We’ve long been aware of Christian Rodriguez’s photography. His portraits of women are intimate and empathetic. His gaze is non-judgemental; he seems comfortable navigating themes of solitude, motherhood, and the multitude of challenges that face today’s youth. His ongoing work on teen mothers, shot throughout Latin America, has been picking up momentum online for some time. Earlier this year, he was one of three recipients of the Getty Images Instagram Grants, which awards photographers around the world engaging with their respective Instagram communities via their photography.
Christian, a member of Prime Collective and a contributor to NatGeo Photos and #EverydayLatinAmerica, shared some images from his ongoing work in Buenos Aires, Argentina, called Fuerte Apache on our Instagram feed last week. Christian made this work while also holding a photography workshop for teenage mothers from the neighborhood of the same name, believing that “photography [is] a powerful tool to help verbalize feelings and emotions that previously could not [be] put into words.” He continues, “I think it is important to give voice to the protagonists, as they are also creators and have a message to give based on their experience. We are working on empowering girls.”
Christian was kind enough to share further thoughts on the issues that motivate him as a photographer.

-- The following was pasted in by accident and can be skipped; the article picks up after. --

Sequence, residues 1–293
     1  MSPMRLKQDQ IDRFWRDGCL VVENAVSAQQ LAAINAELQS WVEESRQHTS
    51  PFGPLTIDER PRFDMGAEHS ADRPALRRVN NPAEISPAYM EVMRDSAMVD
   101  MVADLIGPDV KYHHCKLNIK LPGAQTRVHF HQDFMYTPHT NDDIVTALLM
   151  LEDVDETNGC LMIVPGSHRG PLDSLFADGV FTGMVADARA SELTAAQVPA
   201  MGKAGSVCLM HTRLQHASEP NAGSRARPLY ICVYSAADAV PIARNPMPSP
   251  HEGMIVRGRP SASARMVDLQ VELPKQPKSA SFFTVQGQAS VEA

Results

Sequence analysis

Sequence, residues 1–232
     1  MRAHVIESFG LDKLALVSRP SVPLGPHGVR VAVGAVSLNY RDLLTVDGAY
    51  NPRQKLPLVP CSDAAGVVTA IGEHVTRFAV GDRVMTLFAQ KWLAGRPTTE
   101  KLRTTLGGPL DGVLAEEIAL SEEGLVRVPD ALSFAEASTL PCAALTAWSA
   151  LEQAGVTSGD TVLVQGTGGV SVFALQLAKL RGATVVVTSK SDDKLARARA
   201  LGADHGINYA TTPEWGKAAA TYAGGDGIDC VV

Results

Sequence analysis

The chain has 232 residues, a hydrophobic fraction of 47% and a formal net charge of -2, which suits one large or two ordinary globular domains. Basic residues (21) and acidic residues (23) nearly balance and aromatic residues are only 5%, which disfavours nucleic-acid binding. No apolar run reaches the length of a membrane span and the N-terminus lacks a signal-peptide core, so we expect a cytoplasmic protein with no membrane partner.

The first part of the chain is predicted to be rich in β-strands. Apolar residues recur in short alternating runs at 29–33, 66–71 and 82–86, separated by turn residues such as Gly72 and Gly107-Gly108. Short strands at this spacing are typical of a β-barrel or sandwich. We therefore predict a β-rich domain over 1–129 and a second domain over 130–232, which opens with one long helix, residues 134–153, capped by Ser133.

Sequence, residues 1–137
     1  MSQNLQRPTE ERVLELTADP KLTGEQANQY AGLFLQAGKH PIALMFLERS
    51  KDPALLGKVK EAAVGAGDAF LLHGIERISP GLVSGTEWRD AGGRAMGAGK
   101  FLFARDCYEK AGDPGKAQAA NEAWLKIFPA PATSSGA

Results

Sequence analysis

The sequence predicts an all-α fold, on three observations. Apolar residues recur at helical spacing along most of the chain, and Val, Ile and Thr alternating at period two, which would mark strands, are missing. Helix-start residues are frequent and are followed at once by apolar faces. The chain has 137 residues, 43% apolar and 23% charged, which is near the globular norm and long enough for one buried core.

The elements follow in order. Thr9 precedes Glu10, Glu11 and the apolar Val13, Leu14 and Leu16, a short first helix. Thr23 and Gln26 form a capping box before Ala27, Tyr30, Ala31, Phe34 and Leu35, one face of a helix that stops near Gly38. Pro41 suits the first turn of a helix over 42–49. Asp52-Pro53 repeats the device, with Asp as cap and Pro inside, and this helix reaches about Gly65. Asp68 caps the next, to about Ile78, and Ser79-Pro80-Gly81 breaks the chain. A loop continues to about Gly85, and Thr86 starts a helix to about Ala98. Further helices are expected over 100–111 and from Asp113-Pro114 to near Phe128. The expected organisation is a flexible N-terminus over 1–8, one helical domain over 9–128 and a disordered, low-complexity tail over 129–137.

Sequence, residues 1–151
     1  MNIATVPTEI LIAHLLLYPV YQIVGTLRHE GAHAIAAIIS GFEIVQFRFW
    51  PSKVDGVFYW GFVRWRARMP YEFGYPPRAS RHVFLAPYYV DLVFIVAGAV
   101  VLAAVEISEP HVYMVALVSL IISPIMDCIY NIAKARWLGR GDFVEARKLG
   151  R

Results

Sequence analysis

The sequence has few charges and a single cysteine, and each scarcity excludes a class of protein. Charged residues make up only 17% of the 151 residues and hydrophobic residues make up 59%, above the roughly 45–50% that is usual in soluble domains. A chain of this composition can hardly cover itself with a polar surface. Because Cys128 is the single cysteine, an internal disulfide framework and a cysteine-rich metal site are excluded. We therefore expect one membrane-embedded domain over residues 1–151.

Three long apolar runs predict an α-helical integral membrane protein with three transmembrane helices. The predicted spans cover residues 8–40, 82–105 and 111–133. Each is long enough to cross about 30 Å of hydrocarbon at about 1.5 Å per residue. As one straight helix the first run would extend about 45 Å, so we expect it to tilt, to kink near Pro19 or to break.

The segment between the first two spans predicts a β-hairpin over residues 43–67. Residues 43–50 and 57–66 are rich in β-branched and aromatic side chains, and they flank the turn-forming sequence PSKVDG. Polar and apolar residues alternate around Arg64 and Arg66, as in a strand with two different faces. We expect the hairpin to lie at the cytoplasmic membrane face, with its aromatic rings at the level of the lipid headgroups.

CatchLight: Regarding teenage pregnancy, can you speak a bit more about your own experience? When did you become aware of your own mother's experience? What does she think about young women today and their options as young women?
Christian Rodriguez: Since I was a teenager I knew my mother had me at a very young age, and that she was a single mother, a pattern repeated in teen pregnancy. I have always been interested in social issues, before becoming a photographer I did humanitarian work for two years. I wanted to start a project that was very personal, and that had some self biographical content. As I studied the theme and knew in depth, I realized the gravity and the importance of this issue in Latin America. [My mother] always tells [me] that her chances (options) were greatly reduced [because of having a child so young]. She is convinced that the only way to make real change is [by] giving more opportunities to teenage girls, and that schools must support the girls [and young women] so they can have access to higher education.
CL: In your introduction to Fuerte Apache you write: "The visibility of this issue and the implementation of medium and long term measures are essential to generate a change. More work is needed on the empowerment of girls. The achievement of true equality in decision-making will develop in equity in life projects. The day life projects for boys and girls become similar, teen pregnancy will decrease."
What kind of work do you see being done in Latin America right now with regards to generating change and empowering young women - are there any organizations doing work with young women that you admire?